Biased cognitive processing of cancer-related information among women with family histories of breast cancer: Evidence from a cancer stroop task

Joel Erblich*, Guy H. Montgomery, Heiddis B. Valdimarsdottir, Maylene Cloitre, Dana H. Bovbjerg

*Corresponding author for this work

Research output: Contribution to journalArticlepeer-review

44 Citations (Scopus)

Abstract

Stimuli associated with sources of stress have been shown to interfere with cognition. The authors hypothesized that women with the stress of having a family history of breast cancer (FH+) would exhibit greater interference on a task with cancer-related stimuli than women without cancer in the family (FH-). The authors developed a modified Stroop color-naming task to test this hypothesis in a sample of FH+ (n = 72) and FH- (n = 96) women. Consistent with the hypotheses, FH+ women had longer color-naming times and more errors (ps < .01) on a cancer word list relative to noncancer lists. This biased processing was not mediated by the significantly higher perceived risk, general distress, or cancer-specific distress in FH+ women. Maladaptive alterations in processing cancer stimuli may have important clinical implications, as these women must process complex cancer-related information critical to their health (e.g., options for chemoprevention, screening).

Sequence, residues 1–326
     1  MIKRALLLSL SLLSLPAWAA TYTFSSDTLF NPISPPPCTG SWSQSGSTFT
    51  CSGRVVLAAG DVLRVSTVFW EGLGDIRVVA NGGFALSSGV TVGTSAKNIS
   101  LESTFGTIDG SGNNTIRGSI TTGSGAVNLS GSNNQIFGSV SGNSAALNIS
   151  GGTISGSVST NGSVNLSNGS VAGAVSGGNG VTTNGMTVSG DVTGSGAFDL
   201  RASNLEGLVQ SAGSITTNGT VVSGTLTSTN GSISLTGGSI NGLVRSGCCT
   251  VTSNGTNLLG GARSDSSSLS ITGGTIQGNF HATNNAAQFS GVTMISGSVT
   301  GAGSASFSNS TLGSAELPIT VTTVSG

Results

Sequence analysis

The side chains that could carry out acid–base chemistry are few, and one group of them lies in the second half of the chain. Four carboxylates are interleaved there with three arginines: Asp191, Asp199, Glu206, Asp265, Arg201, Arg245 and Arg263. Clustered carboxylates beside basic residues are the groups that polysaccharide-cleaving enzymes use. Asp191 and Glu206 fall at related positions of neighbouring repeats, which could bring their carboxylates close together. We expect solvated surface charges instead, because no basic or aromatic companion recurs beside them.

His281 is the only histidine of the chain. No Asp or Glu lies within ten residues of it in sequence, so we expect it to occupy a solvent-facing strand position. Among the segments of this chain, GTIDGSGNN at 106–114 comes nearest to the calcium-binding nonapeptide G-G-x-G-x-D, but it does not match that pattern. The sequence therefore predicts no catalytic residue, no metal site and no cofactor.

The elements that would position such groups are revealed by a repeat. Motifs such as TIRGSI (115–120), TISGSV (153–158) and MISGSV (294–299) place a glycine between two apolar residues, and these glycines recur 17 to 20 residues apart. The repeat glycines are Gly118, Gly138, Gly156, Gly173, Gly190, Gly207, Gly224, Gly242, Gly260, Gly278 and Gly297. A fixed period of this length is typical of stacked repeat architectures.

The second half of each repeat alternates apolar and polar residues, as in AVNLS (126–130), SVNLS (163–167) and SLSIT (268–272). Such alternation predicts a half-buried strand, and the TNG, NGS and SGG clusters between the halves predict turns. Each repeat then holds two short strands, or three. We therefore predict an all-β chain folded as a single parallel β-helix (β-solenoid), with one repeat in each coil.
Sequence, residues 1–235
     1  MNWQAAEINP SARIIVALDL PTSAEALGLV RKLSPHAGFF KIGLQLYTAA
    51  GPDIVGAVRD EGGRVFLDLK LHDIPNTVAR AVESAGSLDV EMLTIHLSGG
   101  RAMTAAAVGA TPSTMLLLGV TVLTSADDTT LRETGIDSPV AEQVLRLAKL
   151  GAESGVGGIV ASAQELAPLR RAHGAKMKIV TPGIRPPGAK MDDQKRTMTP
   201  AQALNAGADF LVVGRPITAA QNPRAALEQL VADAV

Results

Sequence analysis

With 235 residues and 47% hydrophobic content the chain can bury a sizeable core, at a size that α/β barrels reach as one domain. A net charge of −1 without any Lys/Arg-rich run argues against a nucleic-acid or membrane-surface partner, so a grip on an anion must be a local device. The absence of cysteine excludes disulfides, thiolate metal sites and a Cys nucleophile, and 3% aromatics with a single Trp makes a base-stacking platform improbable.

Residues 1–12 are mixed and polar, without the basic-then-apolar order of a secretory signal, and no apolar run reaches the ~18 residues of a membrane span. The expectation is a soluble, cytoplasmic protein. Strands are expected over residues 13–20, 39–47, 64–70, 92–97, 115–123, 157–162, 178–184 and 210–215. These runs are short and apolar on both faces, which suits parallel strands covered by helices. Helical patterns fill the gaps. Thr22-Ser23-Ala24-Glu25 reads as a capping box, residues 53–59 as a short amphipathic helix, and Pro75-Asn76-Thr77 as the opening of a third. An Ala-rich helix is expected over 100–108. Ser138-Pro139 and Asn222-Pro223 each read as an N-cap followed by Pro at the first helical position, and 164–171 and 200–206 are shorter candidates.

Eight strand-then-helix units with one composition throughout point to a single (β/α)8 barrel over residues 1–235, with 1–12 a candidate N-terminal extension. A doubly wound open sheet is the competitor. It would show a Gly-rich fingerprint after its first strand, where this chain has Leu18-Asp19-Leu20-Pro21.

Original languageEnglish
Pages (from-to)235-244
Number of pages10
JournalHealth Psychology
Volume22
Issue number3
DOIs
Publication statusPublished - May 2003

Other keywords

  • Breast cancer
  • Cognitive bias
  • Family history
  • Psychological distress
  • Stroop

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